I cannot recommend f.lux enough. I promise there's no affiliation here, I'm not big enough for something like that. If you don't know, f.lux reduces the blue light on your computer. This will give your computer a more yellow or red tint. It's incredibly easy to set up. Once you download it, its default settings will adjust to the time of day and reduce your computer's blue light to mimic the rhythm of the sun. I have customized the settings to reduce my blue light throughout the entire day and have turned up the intensity to the highest setting. It may feel weird at first, but you get used to it in no time. Note that I turn f.lux off while I watch movies and play games if it's not too late so that I can appreciate the visual medium!

Increase your Sleep Quality

I'm guilty of using my devices before bed. In an ideal world, I'd like to cut them out completely a few hours before bed... I've switched to using board games and physical books as my nighttime activities. This has helped a bit, but I'll still message my friends at night, work on side projects, or even doomscroll. While f.lux doesn't completely alleviate the impact of screentime on your sleep quality, it has been shown to help. This is because night-time exposure to blue light affects our circadian timing. Our bodies are biologically programmed to believe that since there is blue light, the sun must be out. As a result, the quality of our sleep is disrupted. If you want to read more about why you should increase sleep quality, I recommend sleep professor Matthew Walker's book: Why We Sleep, or at least read Bill Gates' takeaways from it.

Use Dark Mode (Maybe)

I have found that my eyes feel better when I have dark mode on. It makes text easier to read, and again reduces blue light. There are many plugins that allow you to turn on dark mode on every site. I downloaded Dark Reader for Firefox and have had a generally positive experience with it. There are some sites where the css becomes a little goofy, so I'll toggle the plugin for those sites and add them to the exception list. You can go as far as customizing css for certain sites, but I haven't used that feature at all.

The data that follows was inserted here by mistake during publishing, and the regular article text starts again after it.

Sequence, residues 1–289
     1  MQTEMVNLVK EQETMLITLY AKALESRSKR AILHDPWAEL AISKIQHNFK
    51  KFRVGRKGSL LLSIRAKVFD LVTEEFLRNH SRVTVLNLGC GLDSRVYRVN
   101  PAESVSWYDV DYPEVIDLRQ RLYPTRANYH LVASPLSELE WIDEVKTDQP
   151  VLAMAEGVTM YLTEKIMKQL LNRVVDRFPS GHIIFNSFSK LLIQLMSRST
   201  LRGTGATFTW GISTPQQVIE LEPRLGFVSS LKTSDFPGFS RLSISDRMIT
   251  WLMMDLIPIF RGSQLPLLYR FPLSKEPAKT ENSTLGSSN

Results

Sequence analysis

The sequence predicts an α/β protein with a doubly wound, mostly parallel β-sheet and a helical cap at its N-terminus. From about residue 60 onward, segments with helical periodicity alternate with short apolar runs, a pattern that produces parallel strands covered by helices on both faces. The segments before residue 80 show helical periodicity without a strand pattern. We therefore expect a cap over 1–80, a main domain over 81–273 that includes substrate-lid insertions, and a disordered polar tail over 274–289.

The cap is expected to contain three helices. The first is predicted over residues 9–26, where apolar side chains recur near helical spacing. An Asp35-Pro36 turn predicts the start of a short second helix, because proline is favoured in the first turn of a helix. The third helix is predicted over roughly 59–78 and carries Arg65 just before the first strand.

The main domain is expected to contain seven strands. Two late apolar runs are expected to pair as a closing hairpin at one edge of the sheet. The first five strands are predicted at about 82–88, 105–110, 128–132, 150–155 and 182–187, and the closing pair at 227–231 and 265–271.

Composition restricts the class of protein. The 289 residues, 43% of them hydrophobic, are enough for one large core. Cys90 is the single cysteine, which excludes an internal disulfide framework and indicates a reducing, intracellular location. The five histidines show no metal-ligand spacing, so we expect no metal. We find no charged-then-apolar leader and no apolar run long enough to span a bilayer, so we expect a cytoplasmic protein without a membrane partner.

Caveat: Researchers are Split on Dark Mode

While dark mode makes text more legible, and decreases blue light, it heavily depends on your physical environment; it seems to be the most effective when working in low-light environments. Researchers seem to be split on the overall effectiveness of dark mode. According to the paper linked above, recent studies show that dark text on a light background is actually more beneficial when your goal is to read text on a computer screen. This is because positive contrast results in a smaller pupil size, increasing retinal image quality and depth of field.

It appears that using dark mode is a trade off between blue light and visual acuity. I am no eye doctor, so take this with a grain of salt. Here is what I've gathered: Dark Mode should be used at night to reduce blue light, but dark mode can be turned off if you are in a well-lit area. I personally assume that bringing up my default font size accounts for the decrease in visual acuity that comes with dark mode, but I have nothing to support this.

Do What Feels Best

This is the most important part. Do what feels right to you. If dark mode doesn't feel good to you, don't use it. The same goes for all these other adjustments I've mentioned. Of course, I recommend you try some of these and give it a few days to see if you adjust to it. The ultimate goal here is to increase your comfort, so if you're not comfortable, what's the point?

If you care enough about your health to seek out and read something like this, you're probably doing enough to maintain a healthy lifestyle. Thanks for reading, and feel free to reach out to me.